Characterized by Siegfried Kracauer as "the first and last German film that overtly expressed a Communist viewpoint," Kuhle Wampe (1932) is also noteworthy for being the only film on which Bertolt Brecht collaborated from beginning to end, as well as for its controversial censorship in the tumultuous political context of the late Weimar Republic. When set against the background of the 1920 Motion Picture Law and the censorship of two other high-profile films—Sergei Eisenstein's Battleship Potemkin and Lewis Milestone's All Quiet on the Western Front—the political history of Kuhle Wampe highlights the indecisiveness, fragility, and fears of the German Left as the Nazis prepared to take power.
From Flaubert to Sartre
Based on the notion of legal responsibility, the article establishes a connection between the social conditions of production of literature and the ethical principles that founded the commitment of writers as intellectuals in France from the nineteenth century to the post-World War II period. While the penal responsibility of the author is imbued with a belief in the power of words, the trials were in turn often the occasion for writers like Flaubert and Baudelaire to define their own ethics of responsibility against the values of conventional morality and political conformity through which their work was liable to condemnation. Articulating these ethical principles affirmed the writer's independence from political and religious authorities and contributed to the emergence of an autonomous literary field, as defined by Pierre Bourdieu. The figure of the writer as a public intellectual best embodied by Zola and Sartre emerged on the basis of this code of ethics.
's grip as possible, without necessarily leaving one's ‘old’ life behind. Here, self-censorship becomes a tool to reverse prison's mortifying effects and to escape the transcarceral grip. Yet as former prisoners struggle to (re)build a straight life in the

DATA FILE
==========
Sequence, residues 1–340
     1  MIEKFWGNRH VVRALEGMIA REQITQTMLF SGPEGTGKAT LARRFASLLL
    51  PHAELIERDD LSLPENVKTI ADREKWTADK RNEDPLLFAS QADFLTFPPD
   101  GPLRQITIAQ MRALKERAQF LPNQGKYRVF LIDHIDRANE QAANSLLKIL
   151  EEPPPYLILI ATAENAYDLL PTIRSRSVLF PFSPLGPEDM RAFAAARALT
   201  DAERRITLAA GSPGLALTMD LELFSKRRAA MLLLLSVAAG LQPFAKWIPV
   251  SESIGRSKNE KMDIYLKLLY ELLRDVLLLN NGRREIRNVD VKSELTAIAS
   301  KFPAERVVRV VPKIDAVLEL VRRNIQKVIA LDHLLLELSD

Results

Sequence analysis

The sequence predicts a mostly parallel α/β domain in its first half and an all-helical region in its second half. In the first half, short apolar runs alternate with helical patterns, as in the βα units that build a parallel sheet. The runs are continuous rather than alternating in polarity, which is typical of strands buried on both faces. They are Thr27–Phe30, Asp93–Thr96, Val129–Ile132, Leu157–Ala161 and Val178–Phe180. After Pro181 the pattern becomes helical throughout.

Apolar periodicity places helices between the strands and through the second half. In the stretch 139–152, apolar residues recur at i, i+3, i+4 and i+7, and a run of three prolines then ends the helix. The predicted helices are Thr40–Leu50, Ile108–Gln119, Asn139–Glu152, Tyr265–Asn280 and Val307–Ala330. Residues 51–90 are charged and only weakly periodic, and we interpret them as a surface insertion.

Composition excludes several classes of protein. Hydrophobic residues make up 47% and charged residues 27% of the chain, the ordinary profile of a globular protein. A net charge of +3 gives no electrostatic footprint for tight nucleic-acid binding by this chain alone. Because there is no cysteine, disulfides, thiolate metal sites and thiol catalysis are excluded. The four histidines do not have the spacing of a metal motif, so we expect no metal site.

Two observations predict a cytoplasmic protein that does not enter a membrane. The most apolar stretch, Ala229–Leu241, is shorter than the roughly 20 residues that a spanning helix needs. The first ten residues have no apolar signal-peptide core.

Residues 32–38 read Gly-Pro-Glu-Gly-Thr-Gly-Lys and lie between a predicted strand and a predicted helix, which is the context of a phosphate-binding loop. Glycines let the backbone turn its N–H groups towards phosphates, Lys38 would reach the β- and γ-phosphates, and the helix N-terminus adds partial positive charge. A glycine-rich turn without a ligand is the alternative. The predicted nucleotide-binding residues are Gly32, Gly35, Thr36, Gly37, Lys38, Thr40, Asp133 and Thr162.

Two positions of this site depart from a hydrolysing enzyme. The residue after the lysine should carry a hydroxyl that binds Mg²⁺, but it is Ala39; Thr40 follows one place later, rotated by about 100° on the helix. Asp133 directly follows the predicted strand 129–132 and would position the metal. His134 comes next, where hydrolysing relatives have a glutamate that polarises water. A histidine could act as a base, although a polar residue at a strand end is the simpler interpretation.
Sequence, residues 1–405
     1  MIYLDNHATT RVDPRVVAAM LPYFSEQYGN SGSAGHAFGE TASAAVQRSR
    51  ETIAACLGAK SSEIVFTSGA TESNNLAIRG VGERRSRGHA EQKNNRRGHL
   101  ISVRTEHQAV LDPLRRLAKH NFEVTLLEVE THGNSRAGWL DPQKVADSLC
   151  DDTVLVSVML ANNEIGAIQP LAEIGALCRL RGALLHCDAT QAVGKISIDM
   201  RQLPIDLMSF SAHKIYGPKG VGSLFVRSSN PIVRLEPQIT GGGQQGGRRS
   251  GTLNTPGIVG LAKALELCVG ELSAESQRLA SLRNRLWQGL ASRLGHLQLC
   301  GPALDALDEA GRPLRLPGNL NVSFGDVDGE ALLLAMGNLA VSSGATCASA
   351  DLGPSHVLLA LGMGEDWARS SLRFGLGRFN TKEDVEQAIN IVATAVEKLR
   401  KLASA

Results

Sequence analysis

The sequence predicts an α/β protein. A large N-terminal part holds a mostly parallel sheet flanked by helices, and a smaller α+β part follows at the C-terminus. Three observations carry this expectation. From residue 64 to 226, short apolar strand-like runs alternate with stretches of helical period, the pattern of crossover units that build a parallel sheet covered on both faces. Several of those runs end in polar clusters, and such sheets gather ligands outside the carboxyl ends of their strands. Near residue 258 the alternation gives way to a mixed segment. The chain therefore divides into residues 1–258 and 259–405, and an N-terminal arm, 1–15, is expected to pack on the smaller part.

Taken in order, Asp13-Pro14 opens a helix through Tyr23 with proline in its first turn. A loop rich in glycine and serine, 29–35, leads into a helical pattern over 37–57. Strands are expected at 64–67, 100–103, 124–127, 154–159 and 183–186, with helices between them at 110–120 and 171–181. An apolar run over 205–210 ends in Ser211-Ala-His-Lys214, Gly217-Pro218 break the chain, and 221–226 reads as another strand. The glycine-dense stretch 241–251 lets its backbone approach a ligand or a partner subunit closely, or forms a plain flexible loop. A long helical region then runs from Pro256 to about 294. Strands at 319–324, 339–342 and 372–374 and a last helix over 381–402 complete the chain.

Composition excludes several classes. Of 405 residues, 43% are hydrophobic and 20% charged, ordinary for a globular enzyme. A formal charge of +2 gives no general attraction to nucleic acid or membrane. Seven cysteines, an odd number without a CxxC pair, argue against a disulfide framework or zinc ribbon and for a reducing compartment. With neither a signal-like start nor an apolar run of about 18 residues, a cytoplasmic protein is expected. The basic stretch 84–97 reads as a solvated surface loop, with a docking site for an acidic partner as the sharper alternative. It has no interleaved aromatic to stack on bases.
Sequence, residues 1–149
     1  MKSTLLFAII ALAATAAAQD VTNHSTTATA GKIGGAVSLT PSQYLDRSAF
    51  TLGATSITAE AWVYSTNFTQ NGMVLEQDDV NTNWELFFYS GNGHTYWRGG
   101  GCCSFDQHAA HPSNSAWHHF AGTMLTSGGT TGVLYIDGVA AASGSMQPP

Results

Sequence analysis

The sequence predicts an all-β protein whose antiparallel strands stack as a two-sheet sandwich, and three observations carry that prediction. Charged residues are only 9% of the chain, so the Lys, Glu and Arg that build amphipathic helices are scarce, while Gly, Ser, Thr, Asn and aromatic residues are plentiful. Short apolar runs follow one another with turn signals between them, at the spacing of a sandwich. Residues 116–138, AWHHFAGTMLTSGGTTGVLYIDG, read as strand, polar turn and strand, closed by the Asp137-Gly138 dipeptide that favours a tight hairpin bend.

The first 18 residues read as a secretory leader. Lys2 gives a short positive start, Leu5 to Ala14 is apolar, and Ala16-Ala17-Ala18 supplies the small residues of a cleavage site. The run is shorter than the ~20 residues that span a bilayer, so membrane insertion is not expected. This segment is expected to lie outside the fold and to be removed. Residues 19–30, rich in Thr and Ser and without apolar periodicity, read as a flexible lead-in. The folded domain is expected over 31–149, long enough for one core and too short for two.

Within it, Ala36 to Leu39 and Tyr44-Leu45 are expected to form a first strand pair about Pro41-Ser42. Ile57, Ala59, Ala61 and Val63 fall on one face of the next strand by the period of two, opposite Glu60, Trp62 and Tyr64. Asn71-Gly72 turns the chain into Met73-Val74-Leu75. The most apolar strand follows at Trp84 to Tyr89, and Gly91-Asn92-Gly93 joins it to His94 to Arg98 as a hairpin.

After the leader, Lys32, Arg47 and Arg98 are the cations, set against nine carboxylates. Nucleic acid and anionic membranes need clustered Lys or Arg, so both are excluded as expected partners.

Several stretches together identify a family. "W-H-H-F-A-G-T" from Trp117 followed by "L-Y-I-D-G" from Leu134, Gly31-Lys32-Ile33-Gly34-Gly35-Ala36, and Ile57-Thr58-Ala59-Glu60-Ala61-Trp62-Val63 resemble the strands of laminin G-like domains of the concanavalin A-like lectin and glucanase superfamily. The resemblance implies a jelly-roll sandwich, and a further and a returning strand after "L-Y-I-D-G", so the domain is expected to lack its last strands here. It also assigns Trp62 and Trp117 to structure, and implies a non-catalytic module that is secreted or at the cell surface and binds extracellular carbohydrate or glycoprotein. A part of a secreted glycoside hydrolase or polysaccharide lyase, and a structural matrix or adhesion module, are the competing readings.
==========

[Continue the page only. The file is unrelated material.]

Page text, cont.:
censorship processes between activists that can take place within social movements and that reproduce some problematic forms of marginalization already present in society. The analysis followed an ethnographic process carried out over three years (2014
This issue of Projections focuses on movie violence, a topic of continuing controversy. Concerns about screen violence are not new. Because of their visceral power, popular appeal, and the seeming ease with which they bypassed established channels and norms of socialization, movies swiftly drew the attention and scorn of social critics and reformers. The city of Chicago passed the nation’s first movie censorship ordinance in 1907. Numerous state and municipal censor boards were established in its wake, and movie violence drove the first court-adjudicated censorship case in American film history. The James Boys in Missouri (1908) and Night Riders (1908) were Westerns that Chicago authorities deemed to be immoral because they concentrated on showing the exploits of violent outlaws. The Chicago reformers felt that the films lacked an appropriate moral balance in failing to devote sufficient attention to law-abiding characters.
This article examines the tension between liberalism and Orthodoxy in Israel as it relates to censorship. The first section aims to explain Israel's vulnerability as a multicultural democracy in a hostile region, with significant schisms that divide the nation. The next section presents the dilemma: should Israel employ legal mechanisms to counter hate speech and racism? The third section details the legal framework, while the fourth reviews recent cases in which political radicals were prosecuted for incitement to racism. The final section discusses cases in which football supporters were charged with incitement after chanting “Death to Arabs“ during matches. I argue that the state should consider the costs and risks of allowing hate speech and balance these against the costs and risks to democracy and free speech that are associated with censorship.